View of the stage from the balcony, circa early 1975. The big red drapes on the sides of the stage hide the damage done from the 1956 Cinerama installation. Photo by William Gesten/Foto Arts Inc.
With Brel running in the State lobby, and Porter in the Palace the days became routine. By the time the Cole Porter show opened in the Palace, I was semi-comfortably ensconced in the Palace projection room at the top of the balcony. “The Booth” as it came to be known was pretty much out of the way at the time, way atop the balcony, no one would go up there unless they really needed to see me. A steep stairway led from the top aisle of the balcony up to the projection room. In the room there was a pair of Super Simplex projectors, stripped of their lamp houses. An ancient RCA amplifier stood near the middle of the room. I put a desk in front of the port were a Brenkert Master Brenograph once stood. I could slide the port open and see the auditorium and stage down below. Next was a small room with a pair of line ballasts for the projectors. Beyond that was a large room, with a workbench, and a window overlooking 17th street. The window had a built in fan that became quite useful once the hot summer weather set in. There was also a pair of Hall & Connolly spotlights, and a F-7 Master Brenograph. Most of the power up there was DC, but there were a few AC circuits. I also stripped a bunch of insulation off steam lines running across the ceiling that fed an office on the 6th floor of the Keith building, which was directly overhead. At night you could hear the cleaning ladies vacuuming the floor up there. I scrounged up a few decent chairs, and a wicker lounge that came from a loft above the stage. Over the next few weeks, around the time Porter opened I got a cheap stereo from Ken Purdy who was moving to Florida. This became something of a home away from home for the next couple of years.
Brenkert Master Brenograph ad from Motion Picture News, July 14, 1928. "Projects everything but the picture."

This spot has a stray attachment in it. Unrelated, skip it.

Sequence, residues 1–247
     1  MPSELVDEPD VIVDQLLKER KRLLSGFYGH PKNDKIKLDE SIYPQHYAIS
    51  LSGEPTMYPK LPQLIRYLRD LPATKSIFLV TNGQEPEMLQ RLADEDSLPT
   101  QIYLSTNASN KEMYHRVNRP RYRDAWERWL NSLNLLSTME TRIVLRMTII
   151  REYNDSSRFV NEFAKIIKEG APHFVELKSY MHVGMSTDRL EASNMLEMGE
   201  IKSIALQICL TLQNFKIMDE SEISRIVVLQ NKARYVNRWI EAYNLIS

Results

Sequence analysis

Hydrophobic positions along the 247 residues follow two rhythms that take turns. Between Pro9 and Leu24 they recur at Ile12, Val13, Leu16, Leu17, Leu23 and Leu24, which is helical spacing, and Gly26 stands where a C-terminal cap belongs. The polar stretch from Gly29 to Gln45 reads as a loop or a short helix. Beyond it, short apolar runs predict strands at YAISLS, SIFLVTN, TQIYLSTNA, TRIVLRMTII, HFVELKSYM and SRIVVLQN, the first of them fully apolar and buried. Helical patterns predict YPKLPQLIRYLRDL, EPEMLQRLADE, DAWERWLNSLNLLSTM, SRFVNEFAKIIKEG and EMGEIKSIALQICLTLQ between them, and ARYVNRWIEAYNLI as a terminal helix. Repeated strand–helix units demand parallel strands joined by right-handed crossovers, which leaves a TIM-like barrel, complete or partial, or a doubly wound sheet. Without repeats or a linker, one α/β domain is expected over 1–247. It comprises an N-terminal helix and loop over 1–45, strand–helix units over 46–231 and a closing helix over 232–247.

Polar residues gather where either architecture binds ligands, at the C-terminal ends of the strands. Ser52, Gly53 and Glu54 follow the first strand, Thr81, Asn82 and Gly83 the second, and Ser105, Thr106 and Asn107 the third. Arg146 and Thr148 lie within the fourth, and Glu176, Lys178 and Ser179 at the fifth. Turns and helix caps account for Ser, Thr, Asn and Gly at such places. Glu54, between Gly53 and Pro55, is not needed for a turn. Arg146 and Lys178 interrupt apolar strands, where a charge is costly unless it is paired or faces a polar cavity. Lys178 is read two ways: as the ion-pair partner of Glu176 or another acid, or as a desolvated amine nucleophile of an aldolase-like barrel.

I ran the stereo through a pair of the surround sound speakers salvaged from the main floor, it did not sound very good at all, so I went back to the ones that came with the stereo. Since we were dark on Monday and Tuesdays I would stop by, see what was going on, maybe do a little work, then go chill out up in the booth, play records, read books and sometimes even do some schoolwork.
The typical routine became getting there around 3:30, dropping my stuff off at the booth, maybe playing a record or two, then getting ready for Brel. Russell and I would empty the trash behind the bars, fill up ice buckets and man the coat check by 6 for the early arrivals. I didn’t have much to do with the day to day operation of the Cole Porter show in the Palace. The coat check for Brel which had been dumped on us back in April of 73 since no one else wanted it was quickly turning into a gold mine for us.
Ad from the Plain Dealer Action Tab, January 11, 1974.
As the winter set in, I started fooling around the equipment that was up there. I dragged one of the Hall & Connolly spotlights to the spotlight port and hooked it up. It was with great trepidation when I first powered it up, this was some serious electricity flowing through it, 220 VDC, so I was pretty cautious. The first time I tried to arc the carbons I melted a pair of the contact jaws.. Later I put some new ones on and was able to actually get the carbons to arc and throw a spot down onto the stage. There was one special effect that could be used with the spotlights, or the Brenograph, a waterfall. This was a big cylinder that could be slid onto the front of the spotlight. There was a wheel that could be spun to give the effect of a waterfall, crude but effective. Not long after this I started reading the Simplex manuals, figuring out how they worked. There was an old Hall & Connolly lamphouse crated up in the basement of the State, under the stage. One day I got Russell to help me haul it up to the Palace booth and eventually I hooked it up and I was able to successfully project a picture onto the back wall of the stage. There were a bunch of old trailers in a closet at the top of the stairs, some of nitrate stock that had partially desinigrated, eating away at the cans they were in. Some of the others were Dupont safety film; I think the one I used was “Happy New Year, 1952.” I seem to recall a few people who were a bit stunned to see that flickering across the back wall of the Palace stage.
Hall & Connolly ad, Motion Picture News, December 1931. This is pretty much identical to the pair that were in the Palace.